When the El Nino storm struck on the shores of Coronado, California, it revealed something quite incredible. During one of the low tides after the storm, the ocean revealed rusted remains of the SS Monte Carlo in the area close to the Avenida de las Arenas. One man who has been studying the ship for 30 years, Joe Ditler, has taken several photos of the ship. The wreckage only appears from time to time when the sand that cover it disappears.
Ditler explained that the storm took down the Monte Carlo on December 31, 1936, breaking the ship from its moorings just three miles from Coronado’s shore. Two caretakers were rescued from the 300-foot boat. On New Year’s morning the ship washed up on South Coronado Beach.
During the Prohibition era, the ship was anchored in international waters to avoid the laws of the United States. Many people searching for gambling, prostitution, or bootleg whiskey would take smaller boats out to the ship, which was otherwise known as the “Sin Ship”. There were many famous people who attended the Sin Ship from time to time, including Clark Gable and Mae West.
Ditler explained that Christian evangelists throughout San Diego County and Southern California devoted entire sermons based on the Sin Ships. When the ship actually broke its moorings and crashed, those preachers took the credit for its destruction.
There were rumors that there was at least $100,000 worth of silver dollars buried with the wreckage when the ship was washed away by the sand.
The once-spectacular ship that provided such pleasure to the visitors now gives beach-goers something to see on the shore. If they’re lucky enough, the beach-goers can catch glimpses of the buried ship along the shore. It’s fantastic how many people want to learn more of the wreckage; it’s a great educational tool. Many people who have been lucky enough to see the wreckage are absolutely amazed. One teenager, Sophie Lee, said that she wants to research it and learn a lot more about it. She wants to look at the before and after photos of the ship.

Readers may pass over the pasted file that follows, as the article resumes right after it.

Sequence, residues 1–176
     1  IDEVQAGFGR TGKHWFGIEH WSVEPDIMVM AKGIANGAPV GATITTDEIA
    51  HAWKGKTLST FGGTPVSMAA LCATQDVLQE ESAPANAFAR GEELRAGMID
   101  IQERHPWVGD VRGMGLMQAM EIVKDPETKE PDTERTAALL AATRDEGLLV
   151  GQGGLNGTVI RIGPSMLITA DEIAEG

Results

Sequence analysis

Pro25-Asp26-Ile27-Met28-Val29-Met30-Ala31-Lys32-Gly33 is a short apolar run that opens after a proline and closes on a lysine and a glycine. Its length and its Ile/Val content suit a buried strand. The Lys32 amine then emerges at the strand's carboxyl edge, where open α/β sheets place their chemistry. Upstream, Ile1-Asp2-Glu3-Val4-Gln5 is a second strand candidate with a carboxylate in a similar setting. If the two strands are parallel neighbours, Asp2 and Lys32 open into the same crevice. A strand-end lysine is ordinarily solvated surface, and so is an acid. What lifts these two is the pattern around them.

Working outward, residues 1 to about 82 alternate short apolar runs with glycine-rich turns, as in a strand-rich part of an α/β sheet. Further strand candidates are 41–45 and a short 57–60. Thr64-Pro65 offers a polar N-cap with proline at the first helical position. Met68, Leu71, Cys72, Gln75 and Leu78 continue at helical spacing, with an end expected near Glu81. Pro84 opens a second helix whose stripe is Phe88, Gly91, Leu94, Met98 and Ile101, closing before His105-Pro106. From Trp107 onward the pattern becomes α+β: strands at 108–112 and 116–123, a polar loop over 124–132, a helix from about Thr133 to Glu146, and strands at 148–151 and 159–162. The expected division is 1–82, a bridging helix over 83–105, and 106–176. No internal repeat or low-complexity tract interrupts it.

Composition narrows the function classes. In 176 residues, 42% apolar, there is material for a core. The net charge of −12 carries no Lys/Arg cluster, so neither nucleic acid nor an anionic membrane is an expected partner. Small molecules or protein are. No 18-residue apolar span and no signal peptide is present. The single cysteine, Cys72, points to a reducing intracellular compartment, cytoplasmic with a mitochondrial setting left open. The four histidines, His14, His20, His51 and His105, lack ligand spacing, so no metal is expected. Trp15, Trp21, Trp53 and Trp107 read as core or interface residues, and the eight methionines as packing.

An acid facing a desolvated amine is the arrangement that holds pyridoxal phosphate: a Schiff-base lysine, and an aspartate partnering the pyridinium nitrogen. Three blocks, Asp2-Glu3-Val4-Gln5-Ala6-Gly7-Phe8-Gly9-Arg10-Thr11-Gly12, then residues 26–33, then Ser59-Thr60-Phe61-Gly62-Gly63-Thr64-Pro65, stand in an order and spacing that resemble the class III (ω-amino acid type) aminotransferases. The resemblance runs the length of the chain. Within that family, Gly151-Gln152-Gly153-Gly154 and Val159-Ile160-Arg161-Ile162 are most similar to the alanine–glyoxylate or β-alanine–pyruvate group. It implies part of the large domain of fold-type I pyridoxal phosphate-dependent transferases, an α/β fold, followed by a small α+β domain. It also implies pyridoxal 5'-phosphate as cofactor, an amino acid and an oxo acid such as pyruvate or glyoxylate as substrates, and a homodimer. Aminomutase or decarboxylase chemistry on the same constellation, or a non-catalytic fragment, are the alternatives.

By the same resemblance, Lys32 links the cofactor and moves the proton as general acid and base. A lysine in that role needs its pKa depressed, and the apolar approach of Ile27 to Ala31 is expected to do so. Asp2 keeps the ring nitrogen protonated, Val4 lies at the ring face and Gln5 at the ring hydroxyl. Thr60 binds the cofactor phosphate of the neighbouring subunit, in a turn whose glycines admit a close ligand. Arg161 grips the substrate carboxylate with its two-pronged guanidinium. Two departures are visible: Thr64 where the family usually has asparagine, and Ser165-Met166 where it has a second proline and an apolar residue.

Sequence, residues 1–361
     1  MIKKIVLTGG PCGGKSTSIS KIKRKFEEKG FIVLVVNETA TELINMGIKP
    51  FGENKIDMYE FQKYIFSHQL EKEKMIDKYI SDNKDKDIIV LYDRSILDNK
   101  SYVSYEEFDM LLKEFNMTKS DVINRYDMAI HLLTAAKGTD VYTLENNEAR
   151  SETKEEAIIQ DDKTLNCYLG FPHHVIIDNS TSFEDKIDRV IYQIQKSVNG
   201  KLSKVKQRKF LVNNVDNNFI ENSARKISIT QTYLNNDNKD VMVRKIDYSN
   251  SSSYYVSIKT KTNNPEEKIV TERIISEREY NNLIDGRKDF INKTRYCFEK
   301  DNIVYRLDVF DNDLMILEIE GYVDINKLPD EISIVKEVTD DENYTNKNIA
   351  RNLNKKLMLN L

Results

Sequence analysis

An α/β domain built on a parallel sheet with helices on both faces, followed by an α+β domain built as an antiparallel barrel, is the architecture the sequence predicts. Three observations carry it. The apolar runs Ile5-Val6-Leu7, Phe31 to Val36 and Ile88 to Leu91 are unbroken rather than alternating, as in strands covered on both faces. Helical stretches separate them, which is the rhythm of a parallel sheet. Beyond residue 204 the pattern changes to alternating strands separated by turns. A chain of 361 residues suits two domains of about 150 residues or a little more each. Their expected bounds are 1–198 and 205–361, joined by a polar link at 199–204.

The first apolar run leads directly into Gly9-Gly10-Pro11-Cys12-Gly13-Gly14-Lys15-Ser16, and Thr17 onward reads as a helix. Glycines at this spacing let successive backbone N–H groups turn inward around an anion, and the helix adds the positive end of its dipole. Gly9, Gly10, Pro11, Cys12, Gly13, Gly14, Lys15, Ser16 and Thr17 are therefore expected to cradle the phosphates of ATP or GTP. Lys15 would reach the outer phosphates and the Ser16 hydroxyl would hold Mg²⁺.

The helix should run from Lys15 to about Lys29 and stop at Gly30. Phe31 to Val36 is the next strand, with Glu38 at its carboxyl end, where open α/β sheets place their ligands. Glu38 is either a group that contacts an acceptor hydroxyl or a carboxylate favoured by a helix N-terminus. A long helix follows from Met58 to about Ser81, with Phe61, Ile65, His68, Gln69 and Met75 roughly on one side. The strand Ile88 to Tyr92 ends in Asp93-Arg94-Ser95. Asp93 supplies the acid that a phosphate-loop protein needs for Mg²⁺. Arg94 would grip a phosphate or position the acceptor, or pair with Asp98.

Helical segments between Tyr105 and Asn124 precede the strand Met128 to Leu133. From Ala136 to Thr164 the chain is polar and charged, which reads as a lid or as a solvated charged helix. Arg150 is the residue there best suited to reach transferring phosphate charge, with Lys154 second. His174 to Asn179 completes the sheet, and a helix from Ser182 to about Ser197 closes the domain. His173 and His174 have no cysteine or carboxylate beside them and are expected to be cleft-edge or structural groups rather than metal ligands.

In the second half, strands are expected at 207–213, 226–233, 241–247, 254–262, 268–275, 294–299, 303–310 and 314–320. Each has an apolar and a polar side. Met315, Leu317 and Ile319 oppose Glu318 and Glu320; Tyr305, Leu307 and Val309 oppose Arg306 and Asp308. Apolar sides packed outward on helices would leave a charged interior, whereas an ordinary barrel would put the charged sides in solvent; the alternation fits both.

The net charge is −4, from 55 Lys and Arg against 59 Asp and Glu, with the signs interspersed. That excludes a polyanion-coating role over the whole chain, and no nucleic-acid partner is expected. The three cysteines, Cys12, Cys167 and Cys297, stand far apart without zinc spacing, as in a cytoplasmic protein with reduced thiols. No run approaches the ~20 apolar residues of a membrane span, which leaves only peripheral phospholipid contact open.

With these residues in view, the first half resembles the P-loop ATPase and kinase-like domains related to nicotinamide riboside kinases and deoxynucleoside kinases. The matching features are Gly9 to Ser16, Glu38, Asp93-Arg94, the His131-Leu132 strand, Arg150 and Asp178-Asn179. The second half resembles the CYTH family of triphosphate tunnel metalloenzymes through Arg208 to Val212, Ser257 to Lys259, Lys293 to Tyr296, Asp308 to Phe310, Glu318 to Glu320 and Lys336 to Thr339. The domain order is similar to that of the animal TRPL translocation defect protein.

Ditler explained that if more storms hit the San Diego shores, then more people will get to see the wreckage and learn about the local maritime history. Since Ditler has lived there, he had never seen the wreckage so clearly than he did right after the first storm.
Here is a little history of the SS Monte Carlo:
Originally, the SS Monte Carlo was a plain ship known as Tanker No. 1 in the United States Quartermaster Corps in 1921 before moving into a civilian career as the SS McKittrick. It hauled cargo up and down the California Coast for the Associated Oil Company of San Francisco. It later became what we know as the Sin Ship in 1936. The Monte Carlo joined the Long Beach fleet, which was home to several illegal floating casinos. Those ships ran a three-mile-long stretch, offering free water taxis to take passengers to and from shore.
The Monte Carlo’s first day as the Sin Ship it had plenty of competition. The owners had planned on attracting large crowds from the 1932 Olympics in L.A. and from Long Beach. Other ships in the area were expecting the same crowds were Johanna Smith which was launched in 1926, the Tango, the Rex, the Lux, and several others.
The ship was anchored just three miles off Coronado Beach in San Diego in what was considered international waters. That way, the illegal ship was considered above the law and was attended by many. However, on New Year’s Day in 1937, the anchor broke and the ship drifted to the beach front. From there, no one came forward as to who owned it, since it was then considered illegal.
One man said that he had retrieved hundreds of dollars from the wreckage as a child. There have been rumors that there could yet be $100,000 to $150,000 dollars buried with the wreckage.